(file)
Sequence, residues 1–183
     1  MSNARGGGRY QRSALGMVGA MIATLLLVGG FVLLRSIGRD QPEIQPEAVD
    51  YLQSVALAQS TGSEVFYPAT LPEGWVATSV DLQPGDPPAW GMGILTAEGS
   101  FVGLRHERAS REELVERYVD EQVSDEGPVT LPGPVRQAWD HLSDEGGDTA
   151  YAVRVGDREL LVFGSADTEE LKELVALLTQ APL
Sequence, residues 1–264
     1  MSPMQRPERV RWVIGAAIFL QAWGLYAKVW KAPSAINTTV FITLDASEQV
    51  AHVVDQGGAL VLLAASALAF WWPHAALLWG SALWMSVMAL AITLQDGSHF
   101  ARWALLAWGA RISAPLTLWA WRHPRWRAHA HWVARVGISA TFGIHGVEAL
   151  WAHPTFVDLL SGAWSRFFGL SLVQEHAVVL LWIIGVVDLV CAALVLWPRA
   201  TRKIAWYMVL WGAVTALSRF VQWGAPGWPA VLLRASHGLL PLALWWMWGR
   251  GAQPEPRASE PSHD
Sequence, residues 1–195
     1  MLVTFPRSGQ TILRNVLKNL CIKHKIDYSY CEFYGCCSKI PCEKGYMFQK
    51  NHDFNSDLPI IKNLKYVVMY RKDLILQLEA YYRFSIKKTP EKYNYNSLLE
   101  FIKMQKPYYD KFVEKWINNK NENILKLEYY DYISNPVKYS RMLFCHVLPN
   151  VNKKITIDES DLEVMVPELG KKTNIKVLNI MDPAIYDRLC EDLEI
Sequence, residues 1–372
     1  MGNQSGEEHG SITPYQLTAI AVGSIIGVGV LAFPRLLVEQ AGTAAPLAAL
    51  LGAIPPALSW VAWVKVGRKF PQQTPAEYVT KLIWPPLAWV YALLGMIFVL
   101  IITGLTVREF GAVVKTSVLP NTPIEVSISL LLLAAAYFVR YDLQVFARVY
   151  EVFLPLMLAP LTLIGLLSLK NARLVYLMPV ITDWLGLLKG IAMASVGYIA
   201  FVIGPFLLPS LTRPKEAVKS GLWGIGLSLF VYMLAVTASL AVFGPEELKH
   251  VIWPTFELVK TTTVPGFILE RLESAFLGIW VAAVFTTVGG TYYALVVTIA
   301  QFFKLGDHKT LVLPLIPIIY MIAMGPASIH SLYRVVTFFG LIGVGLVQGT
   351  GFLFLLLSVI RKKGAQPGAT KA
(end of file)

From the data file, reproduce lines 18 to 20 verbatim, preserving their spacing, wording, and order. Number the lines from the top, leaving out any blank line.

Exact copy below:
Sequence, residues 1–372
     1  MGNQSGEEHG SITPYQLTAI AVGSIIGVGV LAFPRLLVEQ AGTAAPLAAL
    51  LGAIPPALSW VAWVKVGRKF PQQTPAEYVT KLIWPPLAWV YALLGMIFVL